• It is incredibly important to "dial back a query: to the point of finding out what is required, and differentiating that from what is asked for."  (Smith, 2012)
  • It has been shown that two 1-hour interviews are better, and result in a higher level of understanding, than a single two-hour long focus session. 
  • When presented with too much jargon, people either become frustrated and shut down, or else agree to everything suggested -  just to end the session quickly.  
  • Patrons/clients have a particular difficulty in articulating their question or information need because they are describing something they either do not truly know, or else they have incomplete information about it.
  • Frequently when talking about technology you need to focus on the task to be accomplished, and not the tool originally requested.   


Works Mentioned 

Durrance, J.  (1989).  Reference success:  Does the 55 percent rule tell the whole story?  Library Journal, 114, 31-36.  

Smith, J.A.  (2012).  Technology and Tradition: Managing technology requests using basic library science techniques.  AAL Spectrum, June, 11-12.  

TED Talk - 'Start With Why' by Simon Sinek

We all know the stereotypes that are out there - - supposedly, people go into the sciences because they are good at math and understanding "technical things" - and people also supposedly become scientists because they are not good at/don't like public speaking and writing.  However those stereotypes (however much they may or may not be true) are never valid excuses for scientists to fumble through an interaction with a non-scientific colleague or client, or give an overly-technical presentation to a room full of donors or budget directors whose eyes glazed over in dual incomprehension and boredom five minutes into the talk!  I have created this discussion post in the hopes that we can shed some light on the finer points of interacting with non-scientific folks of all types and kinds so that you will emerge from this course with your presentation/lecture/reports a bit more refined and a bit more user-f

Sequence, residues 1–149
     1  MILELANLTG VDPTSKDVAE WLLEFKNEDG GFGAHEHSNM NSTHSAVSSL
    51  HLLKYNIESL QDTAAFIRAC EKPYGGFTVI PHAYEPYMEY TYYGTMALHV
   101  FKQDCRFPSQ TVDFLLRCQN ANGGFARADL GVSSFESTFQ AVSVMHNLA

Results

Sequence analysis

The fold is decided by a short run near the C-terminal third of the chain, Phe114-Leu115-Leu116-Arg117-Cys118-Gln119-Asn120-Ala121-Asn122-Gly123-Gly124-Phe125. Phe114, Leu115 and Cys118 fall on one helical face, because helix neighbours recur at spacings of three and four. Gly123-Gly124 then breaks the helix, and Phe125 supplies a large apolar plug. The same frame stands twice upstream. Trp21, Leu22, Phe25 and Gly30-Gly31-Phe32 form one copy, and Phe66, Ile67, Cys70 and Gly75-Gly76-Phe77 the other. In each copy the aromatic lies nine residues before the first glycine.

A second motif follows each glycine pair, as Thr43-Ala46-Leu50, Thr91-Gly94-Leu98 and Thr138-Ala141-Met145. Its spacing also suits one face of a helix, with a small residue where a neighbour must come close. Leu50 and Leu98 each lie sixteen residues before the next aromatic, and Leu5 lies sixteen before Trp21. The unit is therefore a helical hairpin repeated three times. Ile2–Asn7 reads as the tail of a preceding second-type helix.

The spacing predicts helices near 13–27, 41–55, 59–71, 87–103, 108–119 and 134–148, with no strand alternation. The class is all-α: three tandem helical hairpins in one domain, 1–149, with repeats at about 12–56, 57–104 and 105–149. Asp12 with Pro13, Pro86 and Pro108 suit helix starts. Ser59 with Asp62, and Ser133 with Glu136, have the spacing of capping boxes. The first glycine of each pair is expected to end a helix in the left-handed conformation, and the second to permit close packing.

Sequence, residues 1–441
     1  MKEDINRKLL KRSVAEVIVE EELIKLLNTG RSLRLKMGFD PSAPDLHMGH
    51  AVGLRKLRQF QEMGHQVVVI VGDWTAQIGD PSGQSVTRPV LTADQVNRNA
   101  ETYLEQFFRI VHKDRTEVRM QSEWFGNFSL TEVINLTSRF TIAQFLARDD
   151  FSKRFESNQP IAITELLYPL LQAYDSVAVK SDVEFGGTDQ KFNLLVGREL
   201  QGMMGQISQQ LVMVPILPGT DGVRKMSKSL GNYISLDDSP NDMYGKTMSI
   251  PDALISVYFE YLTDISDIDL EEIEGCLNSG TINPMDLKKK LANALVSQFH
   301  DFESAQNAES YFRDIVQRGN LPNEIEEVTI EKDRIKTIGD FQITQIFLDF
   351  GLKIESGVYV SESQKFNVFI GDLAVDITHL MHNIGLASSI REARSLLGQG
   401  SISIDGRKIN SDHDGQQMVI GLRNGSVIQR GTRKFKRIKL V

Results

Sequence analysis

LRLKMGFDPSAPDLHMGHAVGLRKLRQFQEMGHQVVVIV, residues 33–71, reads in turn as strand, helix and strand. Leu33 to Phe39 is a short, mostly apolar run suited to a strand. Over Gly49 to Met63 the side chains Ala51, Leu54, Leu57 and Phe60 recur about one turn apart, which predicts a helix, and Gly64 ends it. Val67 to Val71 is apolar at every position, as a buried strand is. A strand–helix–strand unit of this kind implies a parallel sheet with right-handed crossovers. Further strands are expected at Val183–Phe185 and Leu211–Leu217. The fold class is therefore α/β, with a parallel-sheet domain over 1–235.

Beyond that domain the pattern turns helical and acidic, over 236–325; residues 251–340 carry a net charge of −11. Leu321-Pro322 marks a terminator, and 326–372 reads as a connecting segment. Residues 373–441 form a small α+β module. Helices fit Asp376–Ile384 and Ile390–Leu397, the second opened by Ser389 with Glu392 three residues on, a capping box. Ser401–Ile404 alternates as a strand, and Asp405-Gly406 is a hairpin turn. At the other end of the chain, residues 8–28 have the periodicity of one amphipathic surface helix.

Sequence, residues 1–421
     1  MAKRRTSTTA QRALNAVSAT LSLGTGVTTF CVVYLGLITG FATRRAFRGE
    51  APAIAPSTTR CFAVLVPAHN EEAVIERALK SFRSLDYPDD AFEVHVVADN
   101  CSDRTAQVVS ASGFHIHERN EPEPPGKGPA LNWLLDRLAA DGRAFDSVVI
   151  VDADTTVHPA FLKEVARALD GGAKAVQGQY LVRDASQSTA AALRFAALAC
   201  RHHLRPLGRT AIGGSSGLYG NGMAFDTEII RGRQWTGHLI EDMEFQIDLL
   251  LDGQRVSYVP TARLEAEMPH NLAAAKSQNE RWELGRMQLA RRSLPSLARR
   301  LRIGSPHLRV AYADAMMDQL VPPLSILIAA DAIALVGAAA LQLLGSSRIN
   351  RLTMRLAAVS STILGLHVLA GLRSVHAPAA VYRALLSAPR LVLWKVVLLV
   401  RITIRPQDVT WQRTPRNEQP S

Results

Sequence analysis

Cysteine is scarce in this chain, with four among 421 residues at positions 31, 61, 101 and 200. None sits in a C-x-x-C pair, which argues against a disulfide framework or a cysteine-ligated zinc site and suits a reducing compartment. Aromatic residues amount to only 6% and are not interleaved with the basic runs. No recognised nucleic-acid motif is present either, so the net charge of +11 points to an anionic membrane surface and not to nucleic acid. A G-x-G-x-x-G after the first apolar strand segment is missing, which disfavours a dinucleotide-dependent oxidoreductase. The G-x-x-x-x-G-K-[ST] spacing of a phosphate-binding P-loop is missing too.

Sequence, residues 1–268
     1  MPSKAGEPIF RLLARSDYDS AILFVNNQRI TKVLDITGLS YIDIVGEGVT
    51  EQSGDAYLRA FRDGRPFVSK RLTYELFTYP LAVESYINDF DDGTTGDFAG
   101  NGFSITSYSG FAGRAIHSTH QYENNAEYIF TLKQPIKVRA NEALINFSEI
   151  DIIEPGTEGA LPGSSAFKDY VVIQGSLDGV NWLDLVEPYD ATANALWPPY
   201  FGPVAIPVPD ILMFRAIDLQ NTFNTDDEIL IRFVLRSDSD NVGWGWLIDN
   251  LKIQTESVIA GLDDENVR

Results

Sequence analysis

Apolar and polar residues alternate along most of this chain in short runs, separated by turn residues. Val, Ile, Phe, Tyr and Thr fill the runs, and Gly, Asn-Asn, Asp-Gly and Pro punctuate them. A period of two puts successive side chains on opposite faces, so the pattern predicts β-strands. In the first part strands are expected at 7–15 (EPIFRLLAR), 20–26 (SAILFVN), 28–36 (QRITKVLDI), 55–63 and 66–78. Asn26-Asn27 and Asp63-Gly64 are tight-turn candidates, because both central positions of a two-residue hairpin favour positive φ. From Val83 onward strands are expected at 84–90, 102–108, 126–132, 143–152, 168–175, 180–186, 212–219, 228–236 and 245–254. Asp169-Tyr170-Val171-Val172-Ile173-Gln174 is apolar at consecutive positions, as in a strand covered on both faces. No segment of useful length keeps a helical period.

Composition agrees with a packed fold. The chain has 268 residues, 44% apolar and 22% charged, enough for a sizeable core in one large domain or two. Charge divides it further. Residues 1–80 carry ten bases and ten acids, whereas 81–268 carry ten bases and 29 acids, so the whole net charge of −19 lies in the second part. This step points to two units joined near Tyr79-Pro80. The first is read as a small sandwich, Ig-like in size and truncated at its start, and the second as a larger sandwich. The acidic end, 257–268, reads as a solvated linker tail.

Surveys of supervisors who manage engineers have shown that there is a great deal of general lamentation about engineers' inability to communicate effectively.  In fact, the general comment  "Can't you teach them to speak and write so they can be understood?" was one that was most frequently heard.  And while it is common for students and faculty alike to either gloss over this skill and simply assume that it is (a) either already present in their curriculum/their students or (b) something that they will learn on the job - the reality of the matter is that effective communication from a scientist to a general layperson is a true skill that is rarely present in most students' wheelhouse - and can be a difficult and painful skill to learn while on the job.  

Practicing scientists can be expected to regularly need to do the following:

  • Speak before large groups.
  • Elicit information during conversations and committee meetings
  • Prepare informative messages for small groups
  • Conduct recruiting interviews
  • Deliver project reports
  • Answer questions asked by people of widely varying degrees of technical sophistication
  • Convey highly technical information to persons not trained in the discipline.


Bearing all of that in mind, read over the attached article and then let's talk about these communication skills and tasks!  Have you ever had to give a professional GIS-based presentation?  If so, how did it go?  Have you ever sat through a deadly presentation yourself?  Sat through a great one?  What were the differences in these presentations?